Today we celebrate the equinox, when the length of our day is roughly equal to that of our night; tomorrow, we welcome Autumn and her harvest – the season when we bring in the roots and berries of our herbs. And also when the nights will draw in. Luckily, I’ve found a good book to curl up with – I’m looking forward to discovering Why Willows Weep!
I am so lucky to live in a town that has nature right on its doorstep and has such a wonderful variety of herbs growing wild – just watch this amazing video! You can even see the little path we usually take on herb walks from 0:48 -1:23!
Once a week, on a Tuesday, the walled garden at Knole is open to the public. Among its extensive grounds, there is a small herb garden with lots of medicinal herbs growing, including the impressive Garden Angelica. Angelica (Angelica archangelica) is probably best known as those super green, super sweet crystallised sticks used in cooking but medicinally, it is a particularly useful aromatic bitter to help soothe digestive upsets – the monks of Chartreuse even have it as an ingredient of their digestif – but it can also help with coughs and cold and fevers.
P.S. Garden Angelica does have a sister in her Apiaceae/Umbelliferae family – the Chinese angelica (Angelica sinensis) but she has quite a different character!
- Drink some herb tea
- Make a lavender heart
- Create a herb Pinterest board
- Take a herb course
- See a herbalist
- Visit a herb garden
- Strive for a Natural Health Service
- Make some superfood chocolates
- Go on a herb walk
- Plant some herb seeds
I love all the seasons of our English year, but there’s something about Spring that is so life-enhancing and hopeful – everything is literally springing to life: lambs, new leaves and flowers, buds on the trees, the bees finally out gathering pollen and nectar, it’s a busy time in nature and so nice to get out on the herb walks and be able to harvest the dandelions and nettle and cleavers for an internal spring-clean smoothie! Santé!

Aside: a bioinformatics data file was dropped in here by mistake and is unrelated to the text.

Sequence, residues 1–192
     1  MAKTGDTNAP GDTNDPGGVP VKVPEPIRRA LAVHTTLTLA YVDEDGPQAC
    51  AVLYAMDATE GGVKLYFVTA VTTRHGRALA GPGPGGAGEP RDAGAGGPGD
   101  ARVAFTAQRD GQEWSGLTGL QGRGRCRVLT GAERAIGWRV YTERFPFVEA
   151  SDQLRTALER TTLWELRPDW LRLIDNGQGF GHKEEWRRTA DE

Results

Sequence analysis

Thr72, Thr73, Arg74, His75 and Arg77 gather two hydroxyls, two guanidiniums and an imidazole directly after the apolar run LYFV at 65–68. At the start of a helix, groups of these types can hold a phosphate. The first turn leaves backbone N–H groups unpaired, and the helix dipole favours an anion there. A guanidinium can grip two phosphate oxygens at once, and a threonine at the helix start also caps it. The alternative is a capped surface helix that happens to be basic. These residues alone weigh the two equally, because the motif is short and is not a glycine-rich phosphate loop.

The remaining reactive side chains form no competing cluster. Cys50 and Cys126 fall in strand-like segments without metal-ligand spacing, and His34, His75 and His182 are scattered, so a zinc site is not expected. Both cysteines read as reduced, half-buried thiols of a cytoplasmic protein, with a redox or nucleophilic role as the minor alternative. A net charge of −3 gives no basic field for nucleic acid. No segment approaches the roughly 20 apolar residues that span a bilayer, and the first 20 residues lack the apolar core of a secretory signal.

A wonderful herb walk last Saturday with beautiful autumn colours and so many herbs to see: horse chestnut, oak, two sorts of nettle, chickweed, comfrey, even St John’s Wort made an unexpected appearance. Thank you ladies for your company (and for your gorgeous photos, Sharon!), I hope you are now fortifying yourselves ready for winter with your rosehip teas!
#1 Herbal Medicine Week: I hope you’ve been out enjoying the herbs and the sunshine – like the bumble bee drinking from the burdock above. Burdock (Arctium lappa) is a helpful nourishing and eliminative herb with lymphatic, diuretic, laxative, anti-inflammatory and anti-bacterial actions. As you might expect its uses include enlarged lymph nodes, skin conditions, constipation and arthritis. It is better taken in combination with other herbs – like Dandelion (maybe you remember that old-fashioned drink from childhood!) or Cleavers or Red Clover.
Curious fact: Burdock was the inspiration behind Velcro! In 1941, Georges de Mestral, a Swiss engineer, was out walking with his dog and musing about the burrs clinging to them both. After nearly eight years of research (apparently it’s not so easy to copy nature and make a synthetic burr ; p), Velcro was born!
With midsummer comes the time to explore and celebrate all things herbal! This week, I’ll be posting things we can do to become more aware of our amazing herbs and what they can do, as well as discover the rich tapestry of our herbal traditions and history. Meanwhile, enjoy the lovely image above which was created by a talented fellow herbalist!